In fact, I have just been asked the opposite—that we are over-emphasizing on services and ignoring manufacturing. We recognize that services contribute more than 50% to the Indian economy. We also recognize the fact that the national manufacturing policy wanted to increase the contribution of manufacturing from where it is today to 25% by 2022. So, there has to be focus on product manufacturing both for India and for exports, otherwise we will not be able to meet the target set by the manufacturing policy.
One example often cited is your policy towards the retail sector where many claim the current foreign direct investment (FDI) policy hinders growth of the sector by limiting its potential for job creation. Is there a rethink on the FDI policy in retail?
Retail sector already provides a lot of jobs and that is one of the reasons why in order to understand how that will be affected if you open the windows without even preparing that sector, we took a decision that multi-brand retail should be kept aside from FDI (reforms).
Is there any thought of changing that policy?
At the moment, there is not any. If there is any, I will let you know.
In e-commerce also, the same issue is raised that because the FDI policy is not clear, it fails to create large-scale jobs.
I am not sure it is the case. E-commerce is already happening in the country… we will come out with something on it in terms of defining e-commerce because every state has taken its own approach. But to say that will have an impact on job creation, I don’t believe that is true.
So, we are working on definitional issues, not on FDI issues in e-commerce, because there were some reports suggesting government will allow 100% FDI in marketplace e-commerce?
That’s right. We are talking about definitional issues. I don’t respond to reports.
You recently said India may require to undertake structural reforms like it did in the early 1990s to respond to the Trans-Pacific Partnership (TPP). What are these reforms we would need?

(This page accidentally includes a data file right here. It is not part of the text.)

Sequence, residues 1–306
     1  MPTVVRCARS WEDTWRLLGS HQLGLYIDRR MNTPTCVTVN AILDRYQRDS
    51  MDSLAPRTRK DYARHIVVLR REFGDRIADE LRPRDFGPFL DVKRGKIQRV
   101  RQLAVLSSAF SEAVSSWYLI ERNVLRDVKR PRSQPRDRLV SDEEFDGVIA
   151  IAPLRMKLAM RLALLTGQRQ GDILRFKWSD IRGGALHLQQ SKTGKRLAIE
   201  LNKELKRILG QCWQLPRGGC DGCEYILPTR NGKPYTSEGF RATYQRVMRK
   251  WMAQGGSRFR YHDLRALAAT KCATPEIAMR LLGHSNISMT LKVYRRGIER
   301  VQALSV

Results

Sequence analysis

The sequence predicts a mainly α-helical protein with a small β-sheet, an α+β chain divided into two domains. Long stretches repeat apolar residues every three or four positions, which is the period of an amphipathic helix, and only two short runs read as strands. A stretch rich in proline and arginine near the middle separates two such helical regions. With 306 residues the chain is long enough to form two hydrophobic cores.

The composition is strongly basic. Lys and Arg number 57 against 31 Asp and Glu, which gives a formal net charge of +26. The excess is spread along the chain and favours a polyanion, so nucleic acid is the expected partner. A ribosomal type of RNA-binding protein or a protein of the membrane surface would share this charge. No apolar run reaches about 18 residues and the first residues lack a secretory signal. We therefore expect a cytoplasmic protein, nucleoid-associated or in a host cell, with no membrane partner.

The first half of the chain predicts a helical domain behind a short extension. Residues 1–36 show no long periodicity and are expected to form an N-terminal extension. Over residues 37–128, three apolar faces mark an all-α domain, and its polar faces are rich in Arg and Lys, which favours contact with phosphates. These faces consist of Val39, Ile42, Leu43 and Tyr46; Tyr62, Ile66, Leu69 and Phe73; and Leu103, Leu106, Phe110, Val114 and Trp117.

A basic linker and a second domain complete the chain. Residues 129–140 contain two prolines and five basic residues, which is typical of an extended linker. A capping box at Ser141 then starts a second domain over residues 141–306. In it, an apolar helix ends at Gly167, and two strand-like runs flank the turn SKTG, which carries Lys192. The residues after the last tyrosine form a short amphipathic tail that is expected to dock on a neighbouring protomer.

The question about the value chains you raised is a very important thing and a lot of activity needs to happen on that front. Second, you have to beat the rules of origin argument. We will now need to see whether we can establish manufacturing facilities in areas where we have a global recognition in countries which are part of the TPP. So, sectors who otherwise think they may lose out their market because of TPP can now hopefully set up units in such countries and manufacture so that they can gain from the rules of origin restrictions. Third, all said and done, we have to work on standards. Once India’s own standards of goods, some of which have global recognition, are able to match up with markets that are now having their pluriliteral understandings, you can reach out to these markets which are otherwise not covered (by our trade deals). So, standards are very demanding, but necessary work.
You have said at the Partnership Summit in Visakhapatnam that India will renegotiate some of the free trade agreements (FTAs) to address the concerns of the industry. How exactly will you do this, given the complications involved?
Well, I am not going to start renegotiating them now; there is always a time for it. Some of them are negotiated for a certain period and when they come for a negotiation or renewal, that is the time when we have to look at it again. Because the experience of a lot of manufacturers and exporters are reaching us. We will have to see how best they have understood the FTAs or is it that many of our exporters fully not utilizing the provisions which are available under the FTAs. So, it’s a constant exercise of looking at how best we can help the situation. I certainly did say that if at all when an FTA comes for review, we will certainly look at it.
After the Nairobi ministerial meeting of the World Trade Organization (WTO), what will be India’s approach at the WTO?
Post-Nairobi, we will have to see those commitments, reiterations which have been made there are carried forward. We ensured that we just didn’t get a reiteration but also a commitment for a work programme for each of them, whether it is for food security or it is for special safeguard mechanism (SSM). So, our first effort will be to get a work plan out. We will also make sure that many of the other unfinished agenda of the Doha round also start getting traction before the next ministerial happens in two years.
But for us, is the Doha round alive or dead, because there was no consensus on it at Nairobi.
There is no consensus means status quo continues.